Don’t tell me the moon is shining;
show me the glint of light on broken glass.
Turn down the lights, Turn down the bed
Turn down these voices inside my head.
“I Can’t Make You Love Me” —REID/SHAMBLIN
Where do these words take you? Do they make you see something? What kind of bed? Single? Double? What color is the bedspread? The pillows? Where is the light coming from? A table lamp? Above the headboard?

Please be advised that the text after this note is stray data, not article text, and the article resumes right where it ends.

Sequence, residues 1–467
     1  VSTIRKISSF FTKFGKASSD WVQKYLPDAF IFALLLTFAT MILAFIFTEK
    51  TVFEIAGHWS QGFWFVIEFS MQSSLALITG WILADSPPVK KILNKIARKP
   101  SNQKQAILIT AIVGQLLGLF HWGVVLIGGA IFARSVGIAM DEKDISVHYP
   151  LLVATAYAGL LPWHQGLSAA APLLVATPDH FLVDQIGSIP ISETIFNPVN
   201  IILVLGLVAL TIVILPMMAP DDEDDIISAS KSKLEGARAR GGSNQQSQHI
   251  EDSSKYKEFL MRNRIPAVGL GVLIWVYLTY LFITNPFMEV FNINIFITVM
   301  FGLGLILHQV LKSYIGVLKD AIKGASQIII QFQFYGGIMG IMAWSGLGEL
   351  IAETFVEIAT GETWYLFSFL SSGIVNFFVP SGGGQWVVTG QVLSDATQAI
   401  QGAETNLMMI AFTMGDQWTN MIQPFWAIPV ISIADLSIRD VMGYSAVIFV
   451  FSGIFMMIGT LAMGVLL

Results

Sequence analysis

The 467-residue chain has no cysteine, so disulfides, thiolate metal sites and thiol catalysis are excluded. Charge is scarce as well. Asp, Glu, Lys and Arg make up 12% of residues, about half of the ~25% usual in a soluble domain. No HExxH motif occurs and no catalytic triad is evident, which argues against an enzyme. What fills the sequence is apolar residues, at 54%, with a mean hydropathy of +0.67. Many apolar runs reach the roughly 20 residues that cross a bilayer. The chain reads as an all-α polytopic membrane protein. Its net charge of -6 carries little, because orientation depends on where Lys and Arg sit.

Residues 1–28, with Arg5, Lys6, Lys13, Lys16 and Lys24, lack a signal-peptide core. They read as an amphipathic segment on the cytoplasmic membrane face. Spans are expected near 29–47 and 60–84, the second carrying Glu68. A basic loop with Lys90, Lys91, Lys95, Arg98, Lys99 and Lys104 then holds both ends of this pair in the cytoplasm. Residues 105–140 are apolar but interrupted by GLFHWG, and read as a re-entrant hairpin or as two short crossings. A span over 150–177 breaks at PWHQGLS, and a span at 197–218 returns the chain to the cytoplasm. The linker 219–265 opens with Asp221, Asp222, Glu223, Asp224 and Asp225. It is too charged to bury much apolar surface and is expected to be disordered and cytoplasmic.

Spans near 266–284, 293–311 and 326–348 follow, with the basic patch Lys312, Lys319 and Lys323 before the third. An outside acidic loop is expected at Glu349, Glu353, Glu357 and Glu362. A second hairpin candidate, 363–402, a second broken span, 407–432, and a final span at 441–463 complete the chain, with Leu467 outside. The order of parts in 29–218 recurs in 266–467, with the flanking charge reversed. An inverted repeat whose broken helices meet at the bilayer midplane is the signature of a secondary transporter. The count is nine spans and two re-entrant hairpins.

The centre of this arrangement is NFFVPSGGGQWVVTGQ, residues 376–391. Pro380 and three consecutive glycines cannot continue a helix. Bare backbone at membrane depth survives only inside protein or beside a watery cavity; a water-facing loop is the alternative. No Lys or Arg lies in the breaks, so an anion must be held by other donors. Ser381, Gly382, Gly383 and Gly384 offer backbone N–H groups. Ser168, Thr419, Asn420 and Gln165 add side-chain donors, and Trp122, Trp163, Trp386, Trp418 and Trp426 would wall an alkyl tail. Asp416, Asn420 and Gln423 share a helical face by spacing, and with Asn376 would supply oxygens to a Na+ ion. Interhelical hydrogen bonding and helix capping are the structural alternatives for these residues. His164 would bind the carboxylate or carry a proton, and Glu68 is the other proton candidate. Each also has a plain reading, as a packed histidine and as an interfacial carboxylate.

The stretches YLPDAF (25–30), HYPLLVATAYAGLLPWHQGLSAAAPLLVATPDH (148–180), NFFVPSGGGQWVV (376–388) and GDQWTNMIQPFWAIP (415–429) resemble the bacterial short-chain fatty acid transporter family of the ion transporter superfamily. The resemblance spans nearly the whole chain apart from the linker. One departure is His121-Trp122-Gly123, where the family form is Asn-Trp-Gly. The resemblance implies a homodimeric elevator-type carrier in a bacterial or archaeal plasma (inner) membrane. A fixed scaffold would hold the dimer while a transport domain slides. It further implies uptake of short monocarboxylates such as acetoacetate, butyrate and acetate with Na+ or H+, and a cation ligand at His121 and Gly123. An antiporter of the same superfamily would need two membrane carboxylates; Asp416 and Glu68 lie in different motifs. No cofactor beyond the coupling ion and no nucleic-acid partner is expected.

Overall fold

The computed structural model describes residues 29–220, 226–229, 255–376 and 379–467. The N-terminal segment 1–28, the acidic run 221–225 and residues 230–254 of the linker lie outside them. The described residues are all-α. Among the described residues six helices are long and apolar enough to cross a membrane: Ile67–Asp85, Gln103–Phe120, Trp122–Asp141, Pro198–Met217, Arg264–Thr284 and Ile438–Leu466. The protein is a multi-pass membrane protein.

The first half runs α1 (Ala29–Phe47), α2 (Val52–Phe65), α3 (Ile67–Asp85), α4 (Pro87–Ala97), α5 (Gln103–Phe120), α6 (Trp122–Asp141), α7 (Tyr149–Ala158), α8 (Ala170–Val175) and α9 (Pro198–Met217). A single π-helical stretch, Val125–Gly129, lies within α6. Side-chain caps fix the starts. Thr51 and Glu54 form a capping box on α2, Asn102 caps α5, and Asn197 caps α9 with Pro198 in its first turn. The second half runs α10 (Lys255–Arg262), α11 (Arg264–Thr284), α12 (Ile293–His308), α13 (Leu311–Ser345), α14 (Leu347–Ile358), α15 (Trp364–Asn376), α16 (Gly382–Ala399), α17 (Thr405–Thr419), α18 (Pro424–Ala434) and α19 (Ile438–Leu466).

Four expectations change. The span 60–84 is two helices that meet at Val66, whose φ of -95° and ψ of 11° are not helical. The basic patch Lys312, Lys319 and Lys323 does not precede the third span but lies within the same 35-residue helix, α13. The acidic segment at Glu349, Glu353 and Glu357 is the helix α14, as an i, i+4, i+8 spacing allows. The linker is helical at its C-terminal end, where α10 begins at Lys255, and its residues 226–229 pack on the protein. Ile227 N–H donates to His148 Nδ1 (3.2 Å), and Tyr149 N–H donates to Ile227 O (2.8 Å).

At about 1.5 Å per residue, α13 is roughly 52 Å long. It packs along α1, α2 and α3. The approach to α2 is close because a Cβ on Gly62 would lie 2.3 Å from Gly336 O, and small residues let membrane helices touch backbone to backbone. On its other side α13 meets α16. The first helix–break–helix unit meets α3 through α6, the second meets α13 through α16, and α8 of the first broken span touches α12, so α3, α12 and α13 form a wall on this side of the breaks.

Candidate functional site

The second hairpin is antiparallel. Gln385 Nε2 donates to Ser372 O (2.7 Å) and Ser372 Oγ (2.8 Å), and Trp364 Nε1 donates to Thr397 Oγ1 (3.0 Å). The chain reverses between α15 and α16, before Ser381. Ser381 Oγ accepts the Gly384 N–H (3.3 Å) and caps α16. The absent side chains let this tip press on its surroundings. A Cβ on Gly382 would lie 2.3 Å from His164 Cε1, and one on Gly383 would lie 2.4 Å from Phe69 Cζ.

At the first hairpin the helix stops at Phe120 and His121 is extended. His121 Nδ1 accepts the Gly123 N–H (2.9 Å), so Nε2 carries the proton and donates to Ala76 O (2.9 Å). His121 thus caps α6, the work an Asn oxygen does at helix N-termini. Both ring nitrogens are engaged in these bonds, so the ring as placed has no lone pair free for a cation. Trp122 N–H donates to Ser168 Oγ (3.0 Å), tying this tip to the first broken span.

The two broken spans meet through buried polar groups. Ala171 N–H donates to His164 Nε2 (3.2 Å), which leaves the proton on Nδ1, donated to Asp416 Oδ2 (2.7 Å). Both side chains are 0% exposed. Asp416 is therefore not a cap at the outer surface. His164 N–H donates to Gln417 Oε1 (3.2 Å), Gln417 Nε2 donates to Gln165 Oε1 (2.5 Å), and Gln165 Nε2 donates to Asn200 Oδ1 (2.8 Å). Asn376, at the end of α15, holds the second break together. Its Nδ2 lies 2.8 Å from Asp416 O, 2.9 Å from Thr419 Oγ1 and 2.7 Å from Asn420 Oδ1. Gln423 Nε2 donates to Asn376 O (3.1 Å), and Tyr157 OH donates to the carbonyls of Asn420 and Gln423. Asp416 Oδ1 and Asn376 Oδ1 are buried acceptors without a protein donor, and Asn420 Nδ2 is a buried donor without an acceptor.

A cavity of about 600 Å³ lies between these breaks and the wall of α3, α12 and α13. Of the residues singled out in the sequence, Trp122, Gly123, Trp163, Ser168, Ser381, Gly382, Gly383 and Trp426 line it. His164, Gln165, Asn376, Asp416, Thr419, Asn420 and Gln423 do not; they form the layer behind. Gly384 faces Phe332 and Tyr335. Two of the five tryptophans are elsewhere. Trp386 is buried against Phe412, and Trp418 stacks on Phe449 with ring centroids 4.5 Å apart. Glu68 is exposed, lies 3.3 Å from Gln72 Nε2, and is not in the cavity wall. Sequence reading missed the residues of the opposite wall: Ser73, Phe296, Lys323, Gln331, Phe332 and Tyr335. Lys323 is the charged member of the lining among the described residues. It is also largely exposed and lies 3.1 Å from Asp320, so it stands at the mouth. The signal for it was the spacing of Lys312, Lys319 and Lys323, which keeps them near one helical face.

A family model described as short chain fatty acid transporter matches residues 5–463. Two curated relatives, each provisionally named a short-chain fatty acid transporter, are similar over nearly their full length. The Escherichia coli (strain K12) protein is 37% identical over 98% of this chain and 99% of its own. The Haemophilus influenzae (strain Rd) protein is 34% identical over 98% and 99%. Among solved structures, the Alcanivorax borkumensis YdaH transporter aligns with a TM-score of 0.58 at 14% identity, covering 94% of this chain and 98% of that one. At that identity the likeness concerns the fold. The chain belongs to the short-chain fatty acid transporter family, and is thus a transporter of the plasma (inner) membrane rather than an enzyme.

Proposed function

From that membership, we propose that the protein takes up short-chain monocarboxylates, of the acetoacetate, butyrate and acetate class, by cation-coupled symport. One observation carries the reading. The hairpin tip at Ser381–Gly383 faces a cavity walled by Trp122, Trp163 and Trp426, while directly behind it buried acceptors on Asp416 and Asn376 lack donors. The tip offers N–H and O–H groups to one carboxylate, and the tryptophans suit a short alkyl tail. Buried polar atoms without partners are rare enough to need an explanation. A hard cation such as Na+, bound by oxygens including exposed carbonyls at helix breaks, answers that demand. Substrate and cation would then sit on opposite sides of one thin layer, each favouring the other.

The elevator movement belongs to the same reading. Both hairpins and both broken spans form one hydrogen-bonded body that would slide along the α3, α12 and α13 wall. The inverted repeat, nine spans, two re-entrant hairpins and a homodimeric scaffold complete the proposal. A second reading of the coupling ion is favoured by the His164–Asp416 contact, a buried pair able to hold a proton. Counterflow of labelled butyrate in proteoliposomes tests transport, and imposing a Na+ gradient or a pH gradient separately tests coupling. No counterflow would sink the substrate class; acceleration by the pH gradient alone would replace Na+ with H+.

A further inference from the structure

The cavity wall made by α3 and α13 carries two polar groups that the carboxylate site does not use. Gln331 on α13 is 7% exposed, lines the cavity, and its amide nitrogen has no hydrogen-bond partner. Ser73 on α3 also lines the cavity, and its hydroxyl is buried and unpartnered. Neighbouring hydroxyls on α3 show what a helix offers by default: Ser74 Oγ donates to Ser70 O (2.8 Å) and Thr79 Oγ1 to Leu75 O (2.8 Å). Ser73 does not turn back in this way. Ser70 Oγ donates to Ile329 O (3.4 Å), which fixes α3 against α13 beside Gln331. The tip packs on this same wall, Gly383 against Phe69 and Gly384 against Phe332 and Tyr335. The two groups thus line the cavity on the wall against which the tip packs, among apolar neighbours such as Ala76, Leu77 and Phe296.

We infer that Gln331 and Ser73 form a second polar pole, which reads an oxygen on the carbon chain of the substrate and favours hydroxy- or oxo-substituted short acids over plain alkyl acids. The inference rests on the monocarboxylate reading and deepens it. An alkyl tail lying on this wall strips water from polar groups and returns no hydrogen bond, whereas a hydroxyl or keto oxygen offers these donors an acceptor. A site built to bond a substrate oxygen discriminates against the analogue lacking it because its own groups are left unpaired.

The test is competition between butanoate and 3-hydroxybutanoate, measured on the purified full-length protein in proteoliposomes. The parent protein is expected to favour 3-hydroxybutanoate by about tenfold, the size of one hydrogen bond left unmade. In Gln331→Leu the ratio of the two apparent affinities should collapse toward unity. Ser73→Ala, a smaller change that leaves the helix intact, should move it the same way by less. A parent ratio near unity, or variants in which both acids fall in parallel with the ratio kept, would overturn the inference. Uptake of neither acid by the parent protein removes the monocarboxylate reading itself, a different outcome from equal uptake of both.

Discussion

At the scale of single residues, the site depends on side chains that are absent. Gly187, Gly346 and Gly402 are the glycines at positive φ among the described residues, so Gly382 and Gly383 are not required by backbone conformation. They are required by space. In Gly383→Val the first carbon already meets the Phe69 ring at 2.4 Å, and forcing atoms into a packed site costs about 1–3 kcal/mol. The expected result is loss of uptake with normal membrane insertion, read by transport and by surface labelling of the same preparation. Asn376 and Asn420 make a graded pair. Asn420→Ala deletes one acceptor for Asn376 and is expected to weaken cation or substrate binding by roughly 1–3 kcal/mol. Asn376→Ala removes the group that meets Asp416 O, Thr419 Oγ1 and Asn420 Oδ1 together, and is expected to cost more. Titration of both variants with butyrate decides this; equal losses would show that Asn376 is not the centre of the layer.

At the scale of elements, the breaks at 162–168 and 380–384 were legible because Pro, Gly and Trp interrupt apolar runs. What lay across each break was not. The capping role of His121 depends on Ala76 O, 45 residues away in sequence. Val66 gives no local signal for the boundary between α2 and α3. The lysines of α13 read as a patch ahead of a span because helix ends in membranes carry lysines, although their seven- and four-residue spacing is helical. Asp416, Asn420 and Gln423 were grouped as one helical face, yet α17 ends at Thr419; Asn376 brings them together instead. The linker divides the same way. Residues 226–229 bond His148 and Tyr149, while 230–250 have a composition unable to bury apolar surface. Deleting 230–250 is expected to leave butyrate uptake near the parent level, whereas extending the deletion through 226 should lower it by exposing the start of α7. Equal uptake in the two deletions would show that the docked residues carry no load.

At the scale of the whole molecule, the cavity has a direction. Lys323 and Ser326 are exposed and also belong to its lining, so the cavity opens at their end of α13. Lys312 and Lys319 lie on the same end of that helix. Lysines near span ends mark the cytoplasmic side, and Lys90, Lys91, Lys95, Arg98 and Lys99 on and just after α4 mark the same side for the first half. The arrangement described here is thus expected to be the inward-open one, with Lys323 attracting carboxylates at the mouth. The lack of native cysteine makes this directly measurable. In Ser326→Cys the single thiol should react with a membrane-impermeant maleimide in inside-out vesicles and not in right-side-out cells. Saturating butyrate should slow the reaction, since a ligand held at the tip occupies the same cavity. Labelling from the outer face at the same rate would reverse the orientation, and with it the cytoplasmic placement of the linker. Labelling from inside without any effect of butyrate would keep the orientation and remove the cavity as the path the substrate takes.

When a lyric stimulates and provokes your senses, you draw the images from your own experiences. You fill Mike Reid’s and Alan Shamblin’s words with yourstuff. They involve you, so the song becomes about you. That’s the power of sense-bound writing. It pulls the listener into the song by using his own ...